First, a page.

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Disable back button

 
Ajay Singh
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Hi ranchers

I am currently making a web based application in jsp.I have a login page which asks for username and password.After the authentication it goes to the application stuff,there i click the logout button it comes back to the login page.Now when i click the back button of the browser it goes back to the previous page.I dont want this to happen.I was using window.history.forward(1); to disable the back button.Is there any other better way so as to prevent the login page to go back to application page?Any help would be appreciated.

Thanks
Umadas
 
Deepak Bala
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Why dont you diable browser side page caching using the pragma and cache control headers ? That way the browsers will not display the page and will instead display a warning message
 
Ajay Singh
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Cant we do it using session or some kind of timer in the jsp page?
 
Prabhakaran Manoharan
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Hi,

Use the following script code in the page you want to restrict the user to come back.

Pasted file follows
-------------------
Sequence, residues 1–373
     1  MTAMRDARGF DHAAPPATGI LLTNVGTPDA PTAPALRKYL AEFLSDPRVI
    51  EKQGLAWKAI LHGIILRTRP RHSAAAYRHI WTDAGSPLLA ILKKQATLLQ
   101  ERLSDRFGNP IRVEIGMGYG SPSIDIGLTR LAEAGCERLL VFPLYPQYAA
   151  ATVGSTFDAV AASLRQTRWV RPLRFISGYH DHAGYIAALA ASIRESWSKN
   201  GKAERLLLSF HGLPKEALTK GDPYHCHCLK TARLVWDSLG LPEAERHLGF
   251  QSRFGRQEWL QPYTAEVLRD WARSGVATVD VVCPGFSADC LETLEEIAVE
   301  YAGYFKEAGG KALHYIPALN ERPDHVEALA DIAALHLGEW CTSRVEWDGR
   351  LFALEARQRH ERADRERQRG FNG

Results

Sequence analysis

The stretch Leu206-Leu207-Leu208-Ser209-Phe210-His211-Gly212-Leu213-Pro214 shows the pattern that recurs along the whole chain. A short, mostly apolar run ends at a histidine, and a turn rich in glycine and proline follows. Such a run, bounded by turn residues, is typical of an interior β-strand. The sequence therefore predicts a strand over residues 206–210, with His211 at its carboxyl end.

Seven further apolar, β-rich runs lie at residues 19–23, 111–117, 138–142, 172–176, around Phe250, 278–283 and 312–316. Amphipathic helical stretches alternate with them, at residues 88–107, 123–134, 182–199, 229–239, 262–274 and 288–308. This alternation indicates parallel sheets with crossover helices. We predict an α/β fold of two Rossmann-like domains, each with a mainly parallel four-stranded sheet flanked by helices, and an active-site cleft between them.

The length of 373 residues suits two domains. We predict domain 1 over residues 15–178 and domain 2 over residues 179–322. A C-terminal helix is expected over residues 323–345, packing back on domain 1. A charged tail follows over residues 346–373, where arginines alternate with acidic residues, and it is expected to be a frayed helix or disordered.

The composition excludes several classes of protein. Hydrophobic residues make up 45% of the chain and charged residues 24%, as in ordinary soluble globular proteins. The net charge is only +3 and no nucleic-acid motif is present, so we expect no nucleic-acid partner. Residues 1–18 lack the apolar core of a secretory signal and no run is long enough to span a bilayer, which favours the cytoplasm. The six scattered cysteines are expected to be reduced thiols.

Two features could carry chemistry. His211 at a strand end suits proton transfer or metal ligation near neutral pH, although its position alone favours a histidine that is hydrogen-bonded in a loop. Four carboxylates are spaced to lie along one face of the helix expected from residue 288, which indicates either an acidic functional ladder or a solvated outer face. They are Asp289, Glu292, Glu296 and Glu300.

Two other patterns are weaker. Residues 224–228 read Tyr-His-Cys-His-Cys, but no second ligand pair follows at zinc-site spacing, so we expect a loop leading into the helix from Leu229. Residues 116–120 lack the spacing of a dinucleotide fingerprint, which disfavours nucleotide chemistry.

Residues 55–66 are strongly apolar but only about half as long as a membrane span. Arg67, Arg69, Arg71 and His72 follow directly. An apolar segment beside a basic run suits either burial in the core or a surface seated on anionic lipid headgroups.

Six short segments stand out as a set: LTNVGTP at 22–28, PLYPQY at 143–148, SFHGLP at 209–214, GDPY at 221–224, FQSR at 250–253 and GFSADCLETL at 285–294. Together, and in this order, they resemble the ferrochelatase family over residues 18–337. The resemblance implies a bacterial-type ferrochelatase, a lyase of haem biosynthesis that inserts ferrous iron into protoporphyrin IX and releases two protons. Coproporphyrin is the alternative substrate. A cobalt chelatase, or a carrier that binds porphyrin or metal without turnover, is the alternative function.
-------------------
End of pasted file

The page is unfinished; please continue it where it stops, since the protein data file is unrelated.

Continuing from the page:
<script language="JavaScript" type="text/javascript">
window.history.forward(1);
</script>
[ May 19, 2008: Message edited by: Prabhakaran Manoharan ]
 
Ben Souther
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Prabhakaran,

Please take a moment to read the original poster's question before responding. Ajay has stated that he already using this code and is looking for alternatives to it.
 
Ben Souther
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You can't disable a browser's back button, nor should you try.

Instead look at two entries in our JSP FAQ.
One explains the post-redirect-get pattern which insures that no pages are rendered as a direct result of post request.

The other explains how to use no-cache headers to request that the browser not keep copies of pages on the disk.

-Ben
 
K Kiran Kumar